Commercialization ramps up on Ohio State University treadmill used for MRI heart tests

An Ohio State University researcher is developing an MRI-compatible treadmill that could better measure heart function and blood flow at the peak of stress. The device, which could cut down on multiple tests and catch some heart problems earlier, may be ready for clinical testing in three months.

COLUMBUS, Ohio — An Ohio State University researcher will shift his development of an MRI-compatible treadmill to his start-up company with plans to have a device ready for clinical testing in three months.

The treadmill could give physicians a way to measure a patient’s heart during peak stress more accurately than the echocardiographic and nuclear imaging processes now widely used. MRIs and traditional treadmills can’t work alongside one another because their respective magnetic parts aren’t compatible, according to a university press release.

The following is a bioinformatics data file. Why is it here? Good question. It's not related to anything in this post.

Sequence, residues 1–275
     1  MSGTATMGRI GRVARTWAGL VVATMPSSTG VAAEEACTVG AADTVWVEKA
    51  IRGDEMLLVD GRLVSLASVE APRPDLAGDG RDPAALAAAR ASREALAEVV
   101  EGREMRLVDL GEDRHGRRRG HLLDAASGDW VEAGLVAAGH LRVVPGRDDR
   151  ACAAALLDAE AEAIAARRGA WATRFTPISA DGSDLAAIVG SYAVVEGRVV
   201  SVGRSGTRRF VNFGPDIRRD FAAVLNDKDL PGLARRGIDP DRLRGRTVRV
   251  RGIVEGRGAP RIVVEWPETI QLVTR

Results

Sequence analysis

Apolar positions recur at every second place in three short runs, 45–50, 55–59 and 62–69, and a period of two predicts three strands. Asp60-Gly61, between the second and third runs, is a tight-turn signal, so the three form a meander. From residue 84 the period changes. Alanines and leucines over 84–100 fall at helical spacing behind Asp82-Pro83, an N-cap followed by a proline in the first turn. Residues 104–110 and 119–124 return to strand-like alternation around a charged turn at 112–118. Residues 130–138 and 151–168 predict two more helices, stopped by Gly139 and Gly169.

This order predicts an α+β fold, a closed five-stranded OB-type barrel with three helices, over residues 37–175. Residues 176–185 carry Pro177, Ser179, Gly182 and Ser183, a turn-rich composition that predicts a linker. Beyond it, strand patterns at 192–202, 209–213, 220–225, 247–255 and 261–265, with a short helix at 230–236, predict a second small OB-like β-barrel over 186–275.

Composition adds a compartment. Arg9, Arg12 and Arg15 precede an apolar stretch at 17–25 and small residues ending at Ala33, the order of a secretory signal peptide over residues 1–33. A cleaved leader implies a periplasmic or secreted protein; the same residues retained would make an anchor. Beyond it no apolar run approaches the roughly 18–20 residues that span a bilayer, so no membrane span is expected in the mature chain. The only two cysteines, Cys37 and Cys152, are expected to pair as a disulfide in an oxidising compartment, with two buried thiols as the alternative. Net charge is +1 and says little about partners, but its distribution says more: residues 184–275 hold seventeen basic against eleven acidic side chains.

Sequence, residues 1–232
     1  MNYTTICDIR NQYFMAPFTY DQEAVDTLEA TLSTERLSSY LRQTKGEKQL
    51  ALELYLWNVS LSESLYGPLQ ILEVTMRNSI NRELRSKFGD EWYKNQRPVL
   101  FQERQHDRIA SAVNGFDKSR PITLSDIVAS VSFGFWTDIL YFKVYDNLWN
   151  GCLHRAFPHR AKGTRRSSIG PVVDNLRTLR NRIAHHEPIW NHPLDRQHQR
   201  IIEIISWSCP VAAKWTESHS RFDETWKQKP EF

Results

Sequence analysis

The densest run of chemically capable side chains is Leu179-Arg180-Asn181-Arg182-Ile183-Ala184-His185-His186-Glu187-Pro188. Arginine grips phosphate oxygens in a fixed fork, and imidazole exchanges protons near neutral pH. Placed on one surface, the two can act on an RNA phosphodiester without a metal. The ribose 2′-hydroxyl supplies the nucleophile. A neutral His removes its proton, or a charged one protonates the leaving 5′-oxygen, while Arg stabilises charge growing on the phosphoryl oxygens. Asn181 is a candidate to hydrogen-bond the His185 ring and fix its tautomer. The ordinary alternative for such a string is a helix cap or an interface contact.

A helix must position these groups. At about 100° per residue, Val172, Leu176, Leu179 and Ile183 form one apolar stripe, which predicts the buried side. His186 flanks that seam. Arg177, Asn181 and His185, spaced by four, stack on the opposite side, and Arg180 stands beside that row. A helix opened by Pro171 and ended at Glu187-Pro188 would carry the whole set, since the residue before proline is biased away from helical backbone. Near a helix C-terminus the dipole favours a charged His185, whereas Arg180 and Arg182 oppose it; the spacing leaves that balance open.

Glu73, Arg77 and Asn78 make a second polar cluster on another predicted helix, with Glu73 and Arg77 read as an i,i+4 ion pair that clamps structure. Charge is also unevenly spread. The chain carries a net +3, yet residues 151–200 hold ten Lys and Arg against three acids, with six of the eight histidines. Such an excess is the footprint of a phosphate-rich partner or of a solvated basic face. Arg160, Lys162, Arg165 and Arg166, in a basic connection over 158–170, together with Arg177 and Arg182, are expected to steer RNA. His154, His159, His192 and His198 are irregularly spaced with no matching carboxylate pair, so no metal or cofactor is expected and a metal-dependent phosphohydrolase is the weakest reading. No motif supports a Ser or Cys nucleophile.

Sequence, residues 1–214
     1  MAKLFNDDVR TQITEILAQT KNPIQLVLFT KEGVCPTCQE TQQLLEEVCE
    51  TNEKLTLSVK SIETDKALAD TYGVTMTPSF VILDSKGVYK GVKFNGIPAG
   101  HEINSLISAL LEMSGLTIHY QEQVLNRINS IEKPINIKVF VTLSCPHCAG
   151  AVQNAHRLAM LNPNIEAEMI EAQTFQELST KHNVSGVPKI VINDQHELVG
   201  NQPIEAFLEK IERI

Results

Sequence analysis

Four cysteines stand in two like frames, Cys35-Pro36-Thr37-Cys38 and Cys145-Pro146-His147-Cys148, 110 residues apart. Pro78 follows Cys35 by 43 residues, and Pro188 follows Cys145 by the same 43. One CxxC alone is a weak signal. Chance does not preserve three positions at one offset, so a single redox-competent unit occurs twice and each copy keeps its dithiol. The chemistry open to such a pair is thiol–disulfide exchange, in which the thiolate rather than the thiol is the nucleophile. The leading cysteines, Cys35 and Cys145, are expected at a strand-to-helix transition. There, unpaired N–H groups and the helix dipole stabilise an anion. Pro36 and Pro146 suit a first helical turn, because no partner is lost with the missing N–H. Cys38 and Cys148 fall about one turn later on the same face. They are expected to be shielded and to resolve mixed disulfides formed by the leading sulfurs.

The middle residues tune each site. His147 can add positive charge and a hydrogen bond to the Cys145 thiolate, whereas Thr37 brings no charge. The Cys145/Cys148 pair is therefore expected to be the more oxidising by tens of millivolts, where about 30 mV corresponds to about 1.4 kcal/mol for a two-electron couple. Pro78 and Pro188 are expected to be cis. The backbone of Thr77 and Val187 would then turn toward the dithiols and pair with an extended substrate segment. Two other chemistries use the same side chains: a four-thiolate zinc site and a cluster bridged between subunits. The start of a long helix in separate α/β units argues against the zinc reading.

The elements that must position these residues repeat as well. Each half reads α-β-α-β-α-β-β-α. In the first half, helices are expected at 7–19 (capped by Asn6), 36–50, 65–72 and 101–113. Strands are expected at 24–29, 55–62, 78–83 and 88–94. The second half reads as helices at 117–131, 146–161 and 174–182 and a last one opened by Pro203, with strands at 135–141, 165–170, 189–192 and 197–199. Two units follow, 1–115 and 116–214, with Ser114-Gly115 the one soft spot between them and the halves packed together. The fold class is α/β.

Orlando “Lon” Simonetti wants to build a treadmill without magnetic parts, including substituting a hydraulic motor for an electric one that uses a magnetic coil. Ohio State announced Thursday it had transferred the researchto Simonetti’s start-up, EXCMR Ltd., which will spend the next year building and testing the treadmill prototype.

The company could begin production on a finished product by the middle of next year, said Simonetti, an associate professor of internal medicine and radiology at Ohio State’s Richard M. Ross Heart Hospital.

Simonetti said his early research shows that administering an MRI immediately after stepping off a treadmill can better measure heart function and blood flow and, as a result, cut down on the need for multiple testing, catching some heart problems earlier.

EXCMR was formed a year ago to prepare for Thursday’s technology transfer. In that time, the company raised about $240,000 in funding from organizations including TechColumbus and the Global Cardiovascular Innovations Center in Cleveland. The company is awaiting word on a Small Business Technology Transfer grant application, and Simonetti expects to raise more money to fund production.